The Quiet Coup

In a word: no. This is the price of that ‘exor­bi­tant priv­i­lege’…

To para­phrase Joseph Schum­peter… every­one has elites; the impor­tant thing is to change them from time to time. If the U.S. were just anoth­er coun­try, com­ing to the IMF with hat in hand, I might be fair­ly opti­mistic about its future. Most of the emerg­ing-mar­ket crises that I’ve men­tioned end­ed rel­a­tive­ly quick­ly, and gave way, for the most part, to rel­a­tive­ly strong recov­er­ies. But this, alas, brings us to the lim­it of the anal­o­gy between the U.S. and emerg­ing mar­kets.

Emerg­ing-mar­ket coun­tries have only a pre­car­i­ous hold on wealth, and are weak­lings glob­al­ly. When they get into trou­ble, they quite lit­er­al­ly run out of money—or at least out of for­eign cur­ren­cy, with­out which they can­not sur­vive. They must make dif­fi­cult deci­sions; ulti­mate­ly, aggres­sive action is baked into the cake.

But the U.S., of course, is the world’s most pow­er­ful nation, rich beyond mea­sure, and blessed with the exor­bi­tant priv­i­lege of pay­ing its for­eign debts in its own cur­ren­cy, which it can print. As a result, it could very well stum­ble along for years—as Japan did dur­ing its lost decade—never sum­mon­ing the courage to do what it needs to do, and nev­er real­ly recov­er­ing. A clean break with the past—involving the takeover and cleanup of major banks—hardly looks like a sure thing right now. Cer­tain­ly no one at the IMF can force it.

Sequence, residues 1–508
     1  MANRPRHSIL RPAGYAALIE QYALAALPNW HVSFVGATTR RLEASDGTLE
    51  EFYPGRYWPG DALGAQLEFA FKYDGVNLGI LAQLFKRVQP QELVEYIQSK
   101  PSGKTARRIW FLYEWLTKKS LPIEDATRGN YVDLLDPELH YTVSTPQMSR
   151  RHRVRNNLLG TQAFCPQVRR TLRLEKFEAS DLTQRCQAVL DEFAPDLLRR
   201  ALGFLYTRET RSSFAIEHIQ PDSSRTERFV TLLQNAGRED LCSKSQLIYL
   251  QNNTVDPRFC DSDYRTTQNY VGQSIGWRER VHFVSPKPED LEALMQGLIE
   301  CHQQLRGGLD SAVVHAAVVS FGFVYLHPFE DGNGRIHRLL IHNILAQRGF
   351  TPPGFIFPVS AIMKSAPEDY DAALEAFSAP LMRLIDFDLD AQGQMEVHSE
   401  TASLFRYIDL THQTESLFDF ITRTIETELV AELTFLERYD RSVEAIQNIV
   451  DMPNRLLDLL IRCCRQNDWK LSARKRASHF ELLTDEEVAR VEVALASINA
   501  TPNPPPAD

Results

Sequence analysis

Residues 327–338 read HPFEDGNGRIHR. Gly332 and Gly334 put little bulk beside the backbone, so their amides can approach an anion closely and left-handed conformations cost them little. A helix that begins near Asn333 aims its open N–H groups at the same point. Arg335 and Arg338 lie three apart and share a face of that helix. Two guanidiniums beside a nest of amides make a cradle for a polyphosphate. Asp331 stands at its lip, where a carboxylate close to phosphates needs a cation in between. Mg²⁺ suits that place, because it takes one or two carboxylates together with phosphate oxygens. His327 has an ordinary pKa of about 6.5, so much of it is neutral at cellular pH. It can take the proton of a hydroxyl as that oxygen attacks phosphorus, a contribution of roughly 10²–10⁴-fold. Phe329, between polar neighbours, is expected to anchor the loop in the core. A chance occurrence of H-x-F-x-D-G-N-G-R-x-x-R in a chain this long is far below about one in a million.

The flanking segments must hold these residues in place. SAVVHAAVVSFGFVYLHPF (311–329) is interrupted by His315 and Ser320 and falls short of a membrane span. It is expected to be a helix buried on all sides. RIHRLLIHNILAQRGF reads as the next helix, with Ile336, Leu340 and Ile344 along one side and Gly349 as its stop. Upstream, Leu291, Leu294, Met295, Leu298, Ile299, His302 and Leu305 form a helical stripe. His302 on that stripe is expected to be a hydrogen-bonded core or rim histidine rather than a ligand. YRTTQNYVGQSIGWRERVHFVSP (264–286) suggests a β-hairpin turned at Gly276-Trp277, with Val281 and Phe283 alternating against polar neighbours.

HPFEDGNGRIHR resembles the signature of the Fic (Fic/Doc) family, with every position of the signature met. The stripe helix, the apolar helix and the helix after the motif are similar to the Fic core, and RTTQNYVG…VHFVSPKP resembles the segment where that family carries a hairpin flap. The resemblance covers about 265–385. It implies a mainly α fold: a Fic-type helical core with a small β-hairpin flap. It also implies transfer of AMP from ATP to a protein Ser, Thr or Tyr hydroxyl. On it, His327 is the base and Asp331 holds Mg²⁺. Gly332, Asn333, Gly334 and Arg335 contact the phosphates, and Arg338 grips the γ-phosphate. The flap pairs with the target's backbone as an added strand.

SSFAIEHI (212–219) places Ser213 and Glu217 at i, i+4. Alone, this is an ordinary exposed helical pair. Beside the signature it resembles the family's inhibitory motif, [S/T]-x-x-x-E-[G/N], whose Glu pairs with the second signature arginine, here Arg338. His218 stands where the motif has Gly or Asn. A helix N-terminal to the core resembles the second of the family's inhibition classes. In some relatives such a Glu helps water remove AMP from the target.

The ‘opti­mistic’ sce­nario (there’s a worse one)

The con­ven­tion­al wis­dom among the elite is still that the cur­rent slump “can­not be as bad as the Great Depres­sion”. This view is wrong. What we face now could, in fact, be worse than the Great Depression—because the world is now so much more inter­con­nect­ed and because the bank­ing sec­tor is now so big. We face a syn­chro­nized down­turn in almost all coun­tries, a weak­en­ing of con­fi­dence among indi­vid­u­als and firms, and major prob­lems for gov­ern­ment finances. If our lead­er­ship wakes up to the poten­tial con­se­quences, we may yet see dra­mat­ic action on the bank­ing sys­tem and a break­ing of the old elite. Let us hope it is not then too late.

The whole arti­cle repays read­ing. Ben Muse drew my atten­tion to it.

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